the right to use or disclose the information to the extent authorized by law. This restriction does not limit the Government's
right to use the information if it is obtained without restriction from another source.
The Peer Review Process
Competing applications for NIH grants and cooperative agreements, including those for competing continuations and competing
supplements, are subject to peer review as required by sections 406 and 492 of the PHS Act or by NIH policy. The peer review
system used by NIH, often referred to as the "dual review system," is based on two sequential levels of review for each application,
initial review and National Advisory Council/Board review. The NIH peer review process has evolved over the years to accommodate
changes in workload, resource constraints, and recommendations of various groups that have studied it. However, the underlying
basis for the system—to provide a fair and objective review process in the overall interest of science—has not
changed. Information concerning NIH's peer review process may be found at the following Web sites: http://www.csr.nih.gov and http://www.nih.gov/grants/peer/peer.htm. Information also is available by e-mail at DDER@nih.gov or GrantsInfo@nih.gov, or by calling, writing, or faxing a request to CSR (see Part III).
The Center for Scientific Review is the receipt point for all competing grant applications submitted to NIH, whether the
peer review will be conducted by CSR or by an IC. The primary determining factors in whether CSR or an IC will be responsible
for the peer review are the solicitation type, the support mechanism, and/or the program. In general, CSR is responsible for
the initial review of research project grant applications (including Academic Research and Enhancement Award (AREA) applications),
National Research Service Award (NRSA) fellowship applications, and SBIR/STTR applications, while the ICs handle the initial
review of conference grant applications, applications resulting from RFAs, and program project grant applications.
CSR also may review other types of applications at IC request. When the IC is responsible for the initial review, CSR reviews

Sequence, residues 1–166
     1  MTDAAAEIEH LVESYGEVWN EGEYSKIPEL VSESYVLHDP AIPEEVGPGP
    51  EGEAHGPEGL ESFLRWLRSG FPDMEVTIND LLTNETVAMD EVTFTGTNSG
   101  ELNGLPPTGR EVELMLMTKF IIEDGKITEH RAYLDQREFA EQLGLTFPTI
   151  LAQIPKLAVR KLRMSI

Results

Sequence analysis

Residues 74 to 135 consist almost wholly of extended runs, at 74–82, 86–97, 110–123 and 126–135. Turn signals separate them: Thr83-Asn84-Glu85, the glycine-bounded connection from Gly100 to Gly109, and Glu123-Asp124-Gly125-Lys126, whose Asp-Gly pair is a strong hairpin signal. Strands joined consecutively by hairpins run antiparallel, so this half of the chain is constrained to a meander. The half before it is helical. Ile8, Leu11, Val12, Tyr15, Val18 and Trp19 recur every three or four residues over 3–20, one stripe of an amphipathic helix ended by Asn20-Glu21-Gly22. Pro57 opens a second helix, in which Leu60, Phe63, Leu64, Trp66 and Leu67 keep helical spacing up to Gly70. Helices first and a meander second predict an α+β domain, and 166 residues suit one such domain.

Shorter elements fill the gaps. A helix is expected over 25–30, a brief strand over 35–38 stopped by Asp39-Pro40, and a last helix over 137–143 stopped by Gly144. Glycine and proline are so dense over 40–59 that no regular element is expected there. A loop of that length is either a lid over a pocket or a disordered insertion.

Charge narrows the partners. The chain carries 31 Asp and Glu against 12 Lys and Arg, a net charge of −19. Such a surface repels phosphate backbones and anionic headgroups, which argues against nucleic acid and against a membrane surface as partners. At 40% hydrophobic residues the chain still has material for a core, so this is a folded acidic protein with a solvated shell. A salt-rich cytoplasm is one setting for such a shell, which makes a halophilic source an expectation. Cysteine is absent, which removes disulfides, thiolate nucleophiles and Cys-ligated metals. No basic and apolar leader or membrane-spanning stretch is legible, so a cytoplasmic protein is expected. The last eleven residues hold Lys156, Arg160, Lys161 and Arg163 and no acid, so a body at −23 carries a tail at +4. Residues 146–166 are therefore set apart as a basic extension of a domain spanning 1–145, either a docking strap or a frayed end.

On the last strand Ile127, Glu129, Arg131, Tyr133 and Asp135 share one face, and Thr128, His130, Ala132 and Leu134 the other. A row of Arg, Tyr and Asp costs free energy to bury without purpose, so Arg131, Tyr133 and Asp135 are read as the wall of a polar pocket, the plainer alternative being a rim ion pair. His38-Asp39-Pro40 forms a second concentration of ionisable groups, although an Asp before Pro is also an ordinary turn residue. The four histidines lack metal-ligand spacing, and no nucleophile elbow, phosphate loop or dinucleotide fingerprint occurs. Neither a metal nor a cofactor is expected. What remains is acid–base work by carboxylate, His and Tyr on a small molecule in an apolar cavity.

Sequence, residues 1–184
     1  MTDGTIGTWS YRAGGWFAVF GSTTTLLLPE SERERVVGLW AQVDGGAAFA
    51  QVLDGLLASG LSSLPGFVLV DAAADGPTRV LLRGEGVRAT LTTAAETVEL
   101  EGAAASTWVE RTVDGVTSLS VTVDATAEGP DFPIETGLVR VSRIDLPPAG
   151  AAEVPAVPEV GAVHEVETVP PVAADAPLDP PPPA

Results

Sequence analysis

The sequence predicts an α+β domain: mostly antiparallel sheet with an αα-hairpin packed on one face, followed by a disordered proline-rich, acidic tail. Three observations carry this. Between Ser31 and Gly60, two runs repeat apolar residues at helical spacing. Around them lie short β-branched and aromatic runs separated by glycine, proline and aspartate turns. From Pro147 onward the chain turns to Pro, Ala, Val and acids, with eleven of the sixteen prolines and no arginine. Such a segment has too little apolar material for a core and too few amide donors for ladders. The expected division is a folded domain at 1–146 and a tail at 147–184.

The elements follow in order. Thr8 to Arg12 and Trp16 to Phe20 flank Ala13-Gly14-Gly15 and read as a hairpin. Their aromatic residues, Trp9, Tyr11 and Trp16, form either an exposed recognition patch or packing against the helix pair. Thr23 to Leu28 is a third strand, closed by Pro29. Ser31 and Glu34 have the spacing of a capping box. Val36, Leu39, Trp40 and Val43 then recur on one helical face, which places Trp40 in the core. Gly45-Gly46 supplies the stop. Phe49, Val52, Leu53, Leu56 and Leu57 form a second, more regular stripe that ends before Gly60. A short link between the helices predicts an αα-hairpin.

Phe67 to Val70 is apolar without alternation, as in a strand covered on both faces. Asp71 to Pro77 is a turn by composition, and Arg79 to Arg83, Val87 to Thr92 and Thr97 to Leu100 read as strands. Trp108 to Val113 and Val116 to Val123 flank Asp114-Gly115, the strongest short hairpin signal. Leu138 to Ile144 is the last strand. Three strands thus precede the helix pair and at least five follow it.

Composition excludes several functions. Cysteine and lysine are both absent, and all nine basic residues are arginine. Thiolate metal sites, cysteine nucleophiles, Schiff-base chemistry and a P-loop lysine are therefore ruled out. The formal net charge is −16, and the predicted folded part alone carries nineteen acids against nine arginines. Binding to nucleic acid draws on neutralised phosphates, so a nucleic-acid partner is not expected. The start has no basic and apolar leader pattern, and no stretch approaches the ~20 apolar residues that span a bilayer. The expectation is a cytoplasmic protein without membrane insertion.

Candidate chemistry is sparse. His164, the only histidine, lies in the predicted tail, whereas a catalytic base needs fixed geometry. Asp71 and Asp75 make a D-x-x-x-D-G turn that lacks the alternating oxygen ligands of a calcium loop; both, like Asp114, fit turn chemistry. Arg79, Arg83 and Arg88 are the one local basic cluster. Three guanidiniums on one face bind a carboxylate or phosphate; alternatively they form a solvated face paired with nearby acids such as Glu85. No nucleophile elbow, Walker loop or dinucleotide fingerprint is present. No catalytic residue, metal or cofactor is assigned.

the application for completeness, and the scientific review office of the soliciting IC reviews the application for responsiveness
to the RFA, coordinates the initial technical review, and prepares the summary statements.
CSR Referral Officers, who are senior health science administrators with both research and scientific review experience,
assign each application to an IC(s) for potential funding and to a scientific review group for initial review of the scientific
merit of the application. These determinations are made on the basis of the application's contents, the Referral Guidelines,
and any written request by the applicant organization (accompanying the application) for a specific study section/IC assignment.
Scientific review groups, including CSR study sections, are organized by scientific discipline or current research areas
and are managed by health scientist administrators functioning as Scientific Review Administrators. Generally, study sections
are chartered groups composed of formally appointed members serving multi-year terms, to which the SRA often adds temporary
members or other additional reviewers. Special Emphasis Panels (SEPs) are formed on an ad hoc basis to review applications
that cannot be reviewed by a standing review group or study section because they require special expertise or involve other
The individuals serving on a scientific review group, whether a study section or SEP, are primarily scientists actively
engaged in research. NIH's conflict-of-interest and confidentiality of information policies for reviewers are intended to
ensure an unbiased review process by minimizing even the appearance of a conflict of interest and by restricting the use of
privileged application information.
Within 6 to 8 weeks following the established application receipt date, applicants are notified that the application has
been received and are advised of the SRA, scientific review group, and IC assignments. At this time, applicants may request
reconsideration of the review group and IC assignment. Once the assignment process is completed, the SRA is the contact for
all communication with the applicant until the conclusion of the review group meeting. An applicant may withdraw an application
from consideration at any time during the review process. A request to withdraw an application must be signed by the PI and
an authorized organizational official. If an application is withdrawn before it enters the review process, CSR will return
the application to the applicant. Applications withdrawn by the applicant after the beginning of the formal review may be